I’ll admit it; music has perhaps fuelled my Finnish passion more than any other factor – geography, design, sociology and populace (as important as those factors are). That’s a combination of the country’s contemporary attitude towards the varied art of music, and the big daddy himself: Jean Sibelius.
There’s no point, here anyway, attempting any sort of analysis of why Sibelius’s music sounds like Finland; it just does. Just as Britten’s Peter Grimes makes most sense on the beach at Aldeburgh, so Sibelius’s Fourth Symphony sits enlighteningly upon the Finnish winter snow; his Fifth soaring above the shimmering summer lake.
I remember having the second symphony dissected before my eyes at rehearsal hall near London Bridge in February 2005, where the great Finn Paavo Berglund was taking the London Philharmonic through the Second Symphony. Berglund is an archetypal Finn from his facial bone structure to his economic use of words; ‘play it more like your father would have done’, he called out to one of the clarinettists. That was my first real Sibelius experience proper, and the second symphony is a good starting point for anyone whose a Sibelius newcomer (as is the Guy Rickards Phaidon biography which I read whislt in Finland earlier this month). But for something really remarkable, try the cigar-like, compact Seventh Symphony, or the ‘sketched rather than painted’ fourth - perhaps a startling but chilling evocation of the Finnish winter.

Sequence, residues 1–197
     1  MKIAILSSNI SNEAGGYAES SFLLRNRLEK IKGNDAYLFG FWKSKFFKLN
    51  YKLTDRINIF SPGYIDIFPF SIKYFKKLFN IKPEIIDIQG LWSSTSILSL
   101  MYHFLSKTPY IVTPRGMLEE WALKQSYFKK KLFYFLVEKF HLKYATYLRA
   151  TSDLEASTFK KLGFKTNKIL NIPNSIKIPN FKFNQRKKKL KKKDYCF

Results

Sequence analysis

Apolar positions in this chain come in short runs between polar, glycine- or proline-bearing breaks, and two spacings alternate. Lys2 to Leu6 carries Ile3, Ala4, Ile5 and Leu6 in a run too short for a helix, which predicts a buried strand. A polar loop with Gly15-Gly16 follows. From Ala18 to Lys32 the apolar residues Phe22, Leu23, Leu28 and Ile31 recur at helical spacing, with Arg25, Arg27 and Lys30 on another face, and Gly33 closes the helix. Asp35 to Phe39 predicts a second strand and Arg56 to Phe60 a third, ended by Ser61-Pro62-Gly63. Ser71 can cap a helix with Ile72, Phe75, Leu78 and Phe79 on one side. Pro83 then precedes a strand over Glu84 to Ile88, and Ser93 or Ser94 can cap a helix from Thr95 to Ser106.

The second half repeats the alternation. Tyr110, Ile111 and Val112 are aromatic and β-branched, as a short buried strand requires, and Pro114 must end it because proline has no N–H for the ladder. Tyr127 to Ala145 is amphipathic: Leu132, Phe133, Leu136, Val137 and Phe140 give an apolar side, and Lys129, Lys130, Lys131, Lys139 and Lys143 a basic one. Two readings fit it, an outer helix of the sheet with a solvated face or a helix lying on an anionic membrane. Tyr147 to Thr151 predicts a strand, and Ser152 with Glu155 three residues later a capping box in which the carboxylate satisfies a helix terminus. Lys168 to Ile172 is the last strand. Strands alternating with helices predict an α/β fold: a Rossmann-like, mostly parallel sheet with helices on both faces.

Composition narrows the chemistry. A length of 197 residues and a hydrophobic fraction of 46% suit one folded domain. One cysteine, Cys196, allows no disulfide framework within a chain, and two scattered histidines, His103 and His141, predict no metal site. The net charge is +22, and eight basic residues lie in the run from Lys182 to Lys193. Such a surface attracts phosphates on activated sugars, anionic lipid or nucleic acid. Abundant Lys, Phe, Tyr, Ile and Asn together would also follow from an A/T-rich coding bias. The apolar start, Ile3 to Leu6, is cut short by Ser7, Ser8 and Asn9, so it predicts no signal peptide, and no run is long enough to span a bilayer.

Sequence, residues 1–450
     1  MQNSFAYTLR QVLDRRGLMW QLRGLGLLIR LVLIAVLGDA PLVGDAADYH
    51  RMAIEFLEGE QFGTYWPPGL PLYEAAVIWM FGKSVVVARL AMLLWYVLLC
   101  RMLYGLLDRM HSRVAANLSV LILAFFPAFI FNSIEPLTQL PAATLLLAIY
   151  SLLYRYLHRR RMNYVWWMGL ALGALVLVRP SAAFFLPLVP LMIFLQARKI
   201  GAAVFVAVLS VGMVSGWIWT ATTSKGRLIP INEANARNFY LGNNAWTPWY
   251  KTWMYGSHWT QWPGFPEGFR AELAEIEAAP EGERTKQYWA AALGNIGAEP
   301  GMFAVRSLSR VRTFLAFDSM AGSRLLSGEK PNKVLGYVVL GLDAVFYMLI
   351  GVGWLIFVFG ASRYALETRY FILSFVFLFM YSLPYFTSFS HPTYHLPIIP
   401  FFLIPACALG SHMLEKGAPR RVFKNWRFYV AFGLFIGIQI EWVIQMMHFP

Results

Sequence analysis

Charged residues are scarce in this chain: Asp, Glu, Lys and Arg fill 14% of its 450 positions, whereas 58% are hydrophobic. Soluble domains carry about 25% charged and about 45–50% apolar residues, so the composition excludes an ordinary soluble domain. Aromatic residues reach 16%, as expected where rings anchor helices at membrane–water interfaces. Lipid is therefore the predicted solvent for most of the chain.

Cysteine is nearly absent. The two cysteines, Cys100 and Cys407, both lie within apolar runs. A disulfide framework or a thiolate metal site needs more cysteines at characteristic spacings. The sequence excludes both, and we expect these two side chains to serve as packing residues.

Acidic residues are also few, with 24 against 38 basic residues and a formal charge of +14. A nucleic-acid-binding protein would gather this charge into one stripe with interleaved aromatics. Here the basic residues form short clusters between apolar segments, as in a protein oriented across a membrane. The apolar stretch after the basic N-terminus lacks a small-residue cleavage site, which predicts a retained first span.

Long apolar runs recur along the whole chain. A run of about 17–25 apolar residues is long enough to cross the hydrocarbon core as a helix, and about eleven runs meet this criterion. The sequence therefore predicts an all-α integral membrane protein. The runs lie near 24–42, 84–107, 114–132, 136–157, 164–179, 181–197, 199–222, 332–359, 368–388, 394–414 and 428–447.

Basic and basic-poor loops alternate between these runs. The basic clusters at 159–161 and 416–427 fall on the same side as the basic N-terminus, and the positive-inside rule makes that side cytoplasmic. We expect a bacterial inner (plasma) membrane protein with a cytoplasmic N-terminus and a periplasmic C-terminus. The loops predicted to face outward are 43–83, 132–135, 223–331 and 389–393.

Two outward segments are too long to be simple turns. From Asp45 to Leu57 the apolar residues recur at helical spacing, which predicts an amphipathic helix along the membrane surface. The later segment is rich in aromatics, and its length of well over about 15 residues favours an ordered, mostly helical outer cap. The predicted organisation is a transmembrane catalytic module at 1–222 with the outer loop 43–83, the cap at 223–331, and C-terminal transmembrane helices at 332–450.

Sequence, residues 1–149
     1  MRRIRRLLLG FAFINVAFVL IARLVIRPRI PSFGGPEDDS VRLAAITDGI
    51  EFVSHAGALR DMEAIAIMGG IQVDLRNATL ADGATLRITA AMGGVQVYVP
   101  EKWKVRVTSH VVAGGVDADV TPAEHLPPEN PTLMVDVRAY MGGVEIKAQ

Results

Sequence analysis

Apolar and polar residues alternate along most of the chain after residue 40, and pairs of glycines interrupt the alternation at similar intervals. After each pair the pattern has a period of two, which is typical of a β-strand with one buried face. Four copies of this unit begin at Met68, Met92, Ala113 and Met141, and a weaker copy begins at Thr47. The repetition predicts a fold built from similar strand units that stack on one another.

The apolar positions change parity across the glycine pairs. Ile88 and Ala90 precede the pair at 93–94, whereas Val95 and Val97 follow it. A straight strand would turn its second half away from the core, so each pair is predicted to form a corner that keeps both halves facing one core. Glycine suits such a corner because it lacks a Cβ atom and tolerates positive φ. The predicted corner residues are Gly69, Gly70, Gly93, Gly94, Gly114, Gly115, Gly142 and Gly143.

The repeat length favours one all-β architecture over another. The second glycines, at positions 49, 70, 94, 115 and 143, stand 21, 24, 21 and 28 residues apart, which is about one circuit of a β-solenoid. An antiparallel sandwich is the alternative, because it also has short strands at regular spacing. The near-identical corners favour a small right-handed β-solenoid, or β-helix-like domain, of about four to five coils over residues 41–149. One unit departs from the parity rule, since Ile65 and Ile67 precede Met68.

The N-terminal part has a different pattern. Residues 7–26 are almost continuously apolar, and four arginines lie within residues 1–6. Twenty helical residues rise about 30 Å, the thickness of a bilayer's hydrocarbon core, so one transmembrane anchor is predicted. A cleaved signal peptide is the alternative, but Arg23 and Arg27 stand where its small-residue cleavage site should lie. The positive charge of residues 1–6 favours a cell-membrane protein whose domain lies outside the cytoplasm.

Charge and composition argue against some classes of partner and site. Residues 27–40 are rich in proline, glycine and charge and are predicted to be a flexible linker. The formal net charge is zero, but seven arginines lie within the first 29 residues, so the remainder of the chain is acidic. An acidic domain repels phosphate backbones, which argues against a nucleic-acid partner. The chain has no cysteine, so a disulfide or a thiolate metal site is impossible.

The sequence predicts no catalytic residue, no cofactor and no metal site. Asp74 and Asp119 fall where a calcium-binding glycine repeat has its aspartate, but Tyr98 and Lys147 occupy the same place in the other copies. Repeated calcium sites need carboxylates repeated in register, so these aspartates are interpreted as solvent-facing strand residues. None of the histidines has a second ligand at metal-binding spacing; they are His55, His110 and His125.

The Finns love Sibelius, and I find myself loving them for their love of him. Last Monday I was taken through a Finnish forest for an exploration, in the spirit of the national epic The Kalevala, of ‘what the Finns are made of’. After hunting, blacksmithing and sauna-ing, the young Helena Kinnunen led me into a pitch-dark log cabin and played Sibelius’s ‘Finlandia’ through the hi-fi. I wanted to probe her, an everyday late-teen or twenty-something Finn, on why a 20th century composer formed the final part of the ‘Kalevala Spirit’ tour. ‘Every Finn feels the same when they hear that music’, she said to me, ‘it represents who we are’.